What should we dance about today and how should we go about it? Those questions were on the mind of Nashville Ballet artistic director Paul Vasterling this summer as he spent six weeks exploring new ways of telling stories through ballet as a fellow at NYU's Center for Ballet and Arts.
Over his 20 years as principal choreographer at NB, Vasterling has created a handful of narrative works, ranging from children's stories to Romeo and Juliet and Lizzie Borden (about the Fall River, Massachusetts woman tried and acquitted for the axe murders of her father and stepmother).
But, he admits, "I rarely have uninterrupted creative time and freedom to let my mind go down all the rabbit holes it should." The fellowship gave him time out to reflect on the genre and find fresh inspiration while watching hour upon hour of ballet, and sharing ideas with a floor full of other artists and researchers.
He shared four takeaways from his time there:
Ballet is too narrow-minded.
"We need to bring in new ideas and encourage ballet choreographers and directors to step out of the usual," says Vasterling. "This profession can be very insular. We tend not to look to the sides."
He feels strongly that the art form will thrive when its makers and doers are exposed to broader ideas—which is why the Center for Ballet and the Arts is so important right now. "This place gives us the opportunity to challenge our norms and our ways of thinking about what a ballet is."
Ballet can be more like poetry than prose.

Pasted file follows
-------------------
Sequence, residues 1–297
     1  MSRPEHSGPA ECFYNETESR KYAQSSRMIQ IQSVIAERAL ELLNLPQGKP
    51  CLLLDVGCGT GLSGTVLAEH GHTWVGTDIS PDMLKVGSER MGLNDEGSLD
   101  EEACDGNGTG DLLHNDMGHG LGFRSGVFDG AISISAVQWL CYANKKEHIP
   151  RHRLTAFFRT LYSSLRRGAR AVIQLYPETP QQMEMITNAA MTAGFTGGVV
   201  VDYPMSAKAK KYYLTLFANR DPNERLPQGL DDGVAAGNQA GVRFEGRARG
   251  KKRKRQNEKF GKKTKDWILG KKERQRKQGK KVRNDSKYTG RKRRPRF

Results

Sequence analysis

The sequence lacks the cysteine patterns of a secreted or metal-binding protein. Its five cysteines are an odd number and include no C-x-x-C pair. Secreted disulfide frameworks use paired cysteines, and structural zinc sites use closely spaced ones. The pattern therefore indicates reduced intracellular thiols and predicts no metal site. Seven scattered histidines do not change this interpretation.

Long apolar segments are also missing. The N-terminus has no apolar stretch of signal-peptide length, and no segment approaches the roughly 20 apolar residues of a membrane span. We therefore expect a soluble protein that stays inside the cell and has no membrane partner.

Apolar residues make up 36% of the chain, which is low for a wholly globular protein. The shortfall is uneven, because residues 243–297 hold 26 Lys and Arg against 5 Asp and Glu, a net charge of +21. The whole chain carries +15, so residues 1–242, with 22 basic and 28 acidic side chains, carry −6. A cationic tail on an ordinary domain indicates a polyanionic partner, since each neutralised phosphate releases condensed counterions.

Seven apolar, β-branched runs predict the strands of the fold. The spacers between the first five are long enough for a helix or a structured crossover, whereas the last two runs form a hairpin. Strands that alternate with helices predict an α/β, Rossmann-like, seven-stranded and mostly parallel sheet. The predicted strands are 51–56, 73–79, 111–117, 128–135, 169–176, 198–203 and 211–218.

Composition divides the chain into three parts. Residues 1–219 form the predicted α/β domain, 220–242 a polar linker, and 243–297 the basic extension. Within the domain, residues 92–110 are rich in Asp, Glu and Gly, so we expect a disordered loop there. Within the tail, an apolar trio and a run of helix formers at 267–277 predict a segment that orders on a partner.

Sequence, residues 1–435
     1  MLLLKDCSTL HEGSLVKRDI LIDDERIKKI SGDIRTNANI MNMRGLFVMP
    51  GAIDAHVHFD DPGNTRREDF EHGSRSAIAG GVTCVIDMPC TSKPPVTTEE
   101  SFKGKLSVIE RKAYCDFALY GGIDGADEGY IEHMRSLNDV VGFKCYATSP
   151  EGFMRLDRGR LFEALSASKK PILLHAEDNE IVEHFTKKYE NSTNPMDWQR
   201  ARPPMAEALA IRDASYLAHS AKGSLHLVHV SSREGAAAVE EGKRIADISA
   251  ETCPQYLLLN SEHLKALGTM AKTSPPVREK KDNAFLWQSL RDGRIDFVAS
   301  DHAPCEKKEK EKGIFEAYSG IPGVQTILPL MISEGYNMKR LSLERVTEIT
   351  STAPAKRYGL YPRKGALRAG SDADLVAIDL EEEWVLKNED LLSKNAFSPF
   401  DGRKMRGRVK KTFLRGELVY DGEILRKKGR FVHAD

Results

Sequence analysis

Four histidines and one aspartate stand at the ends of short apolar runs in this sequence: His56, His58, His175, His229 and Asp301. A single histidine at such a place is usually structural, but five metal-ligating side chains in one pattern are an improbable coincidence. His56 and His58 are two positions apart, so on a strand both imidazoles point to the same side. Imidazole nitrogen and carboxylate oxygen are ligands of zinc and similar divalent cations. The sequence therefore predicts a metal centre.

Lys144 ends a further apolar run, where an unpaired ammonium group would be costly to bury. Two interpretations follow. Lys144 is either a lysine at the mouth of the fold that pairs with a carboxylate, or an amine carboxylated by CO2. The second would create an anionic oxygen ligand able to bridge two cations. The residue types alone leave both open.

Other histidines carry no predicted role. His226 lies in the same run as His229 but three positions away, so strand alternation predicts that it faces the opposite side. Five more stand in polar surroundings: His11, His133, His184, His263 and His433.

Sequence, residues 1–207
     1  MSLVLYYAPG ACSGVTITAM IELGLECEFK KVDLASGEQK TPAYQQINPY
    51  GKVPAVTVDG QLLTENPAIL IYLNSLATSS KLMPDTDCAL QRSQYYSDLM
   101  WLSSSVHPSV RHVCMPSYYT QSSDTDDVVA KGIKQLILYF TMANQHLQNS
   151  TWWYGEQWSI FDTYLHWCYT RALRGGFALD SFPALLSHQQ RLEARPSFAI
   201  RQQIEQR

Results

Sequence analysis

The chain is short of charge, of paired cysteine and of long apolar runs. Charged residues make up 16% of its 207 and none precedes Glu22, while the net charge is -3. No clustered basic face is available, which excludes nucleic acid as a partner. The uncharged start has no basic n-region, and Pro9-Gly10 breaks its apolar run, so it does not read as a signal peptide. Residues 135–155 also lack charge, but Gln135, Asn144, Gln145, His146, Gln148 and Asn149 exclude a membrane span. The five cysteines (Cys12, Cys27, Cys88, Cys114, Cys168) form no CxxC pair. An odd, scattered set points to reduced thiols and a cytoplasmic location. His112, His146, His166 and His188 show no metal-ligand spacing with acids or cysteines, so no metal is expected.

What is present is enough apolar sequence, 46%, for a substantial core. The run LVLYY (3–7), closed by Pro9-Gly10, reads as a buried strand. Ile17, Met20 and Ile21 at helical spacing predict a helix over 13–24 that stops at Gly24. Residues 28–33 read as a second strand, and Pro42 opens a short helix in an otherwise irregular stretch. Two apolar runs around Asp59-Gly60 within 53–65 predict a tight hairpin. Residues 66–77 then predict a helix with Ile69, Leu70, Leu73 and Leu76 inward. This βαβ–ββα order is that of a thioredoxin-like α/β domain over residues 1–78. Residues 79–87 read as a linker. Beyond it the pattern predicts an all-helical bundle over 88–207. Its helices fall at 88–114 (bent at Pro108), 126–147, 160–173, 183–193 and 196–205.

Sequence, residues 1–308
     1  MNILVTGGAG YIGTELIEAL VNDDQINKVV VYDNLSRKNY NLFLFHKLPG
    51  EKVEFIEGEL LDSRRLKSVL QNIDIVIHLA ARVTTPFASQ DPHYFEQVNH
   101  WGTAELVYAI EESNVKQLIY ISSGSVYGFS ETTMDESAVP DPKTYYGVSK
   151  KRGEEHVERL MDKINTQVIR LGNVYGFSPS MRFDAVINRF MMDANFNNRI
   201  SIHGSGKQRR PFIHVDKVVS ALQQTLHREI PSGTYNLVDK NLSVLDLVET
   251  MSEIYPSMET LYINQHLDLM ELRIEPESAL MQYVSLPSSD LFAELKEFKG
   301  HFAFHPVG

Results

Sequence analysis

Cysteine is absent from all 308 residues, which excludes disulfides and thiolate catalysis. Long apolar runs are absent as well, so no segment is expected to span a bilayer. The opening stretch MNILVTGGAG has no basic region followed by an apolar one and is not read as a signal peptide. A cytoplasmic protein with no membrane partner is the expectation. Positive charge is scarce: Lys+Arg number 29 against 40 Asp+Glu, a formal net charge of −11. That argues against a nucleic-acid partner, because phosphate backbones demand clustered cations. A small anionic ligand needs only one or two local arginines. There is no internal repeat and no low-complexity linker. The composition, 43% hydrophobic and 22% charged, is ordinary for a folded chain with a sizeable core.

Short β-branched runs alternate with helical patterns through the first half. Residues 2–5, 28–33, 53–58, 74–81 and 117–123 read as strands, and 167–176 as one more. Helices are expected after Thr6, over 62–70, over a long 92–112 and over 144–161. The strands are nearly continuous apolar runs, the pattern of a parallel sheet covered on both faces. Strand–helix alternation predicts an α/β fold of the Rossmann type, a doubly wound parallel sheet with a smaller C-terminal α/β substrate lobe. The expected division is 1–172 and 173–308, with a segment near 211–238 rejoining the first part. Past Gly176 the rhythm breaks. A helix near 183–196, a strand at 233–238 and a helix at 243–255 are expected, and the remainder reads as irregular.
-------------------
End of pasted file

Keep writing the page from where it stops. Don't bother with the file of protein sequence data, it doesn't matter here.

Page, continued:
Years spent making ballets will develop a choreographer's skills and fluency, but it can also lead to not-so-creative habits. The fellowship gave Vasterling time to find a way out of his own creative ruts. "I met many poets during this fellowship and realized I could approach narrative ballet in a different way. It doesn't have to be so literal and so linear," he says.
Realizing it was more helpful to liken ballet storytelling to narrative poetry, with its clear forms and rules, was a breakthrough. "In ballet, we also work with a lot of rules," he says. "Rules are embodied in the technique."
We need to expand the definition of "ballet."
"I want our audiences to understand the vast scope of what a ballet can be," says Vasterling. Pushing that distinction means thinking outside the norm, whether in terms of subject matter, movement vocabulary, use of text and singers, or in performance structure and duration. This raises interesting questions around where exactly we draw the line between ballet and modern dance or musical theatre. But as Vasterling points out, "ballets are made on ballet companies with trained ballet dancers who embody the technique and line inherent in ballet dancing."
It's time to update ballet's approach to gender.
"What's going to happen when we have our first transgender ballerina?" asks Vasterling. Today, there are clear gender lines in ballet. However, ballet is role-playing and in the theater we rely on performers to bring new things to light through their unique qualities and experience. What will a transgender ballerina bring to light in a role like Odette, wonders Vasterling?
"So many things made me go 'Oh wow!' during this process," he says. "Now I am challenging myself to make a new ballet in these terms. I'm nervous about it. It gives me that agitated feeling you get which means you're really going to do it."
Vasterling has headed back to Nashville with a practical outcome from his fellowship: a new libretto written in collaboration with poet Caroline Randall Williams based on her book Lucy Negro, Redux (described as being "part savvy lit crit, part Blues chart, part hip revenge-femme-lyric, part imagined interracial romance saga disguised as poems"). In the book, Randall Williams toys with the notion that the dark lady of Shakespeare's sonnets is a black woman. For the libretto, she and Vasterling weaved together the lives of real and imaginary characters: a present day narrator/poet, Shakespeare, his mysterious dark lady and a younger lover. The ballet will premiere in Nashville in February 2019.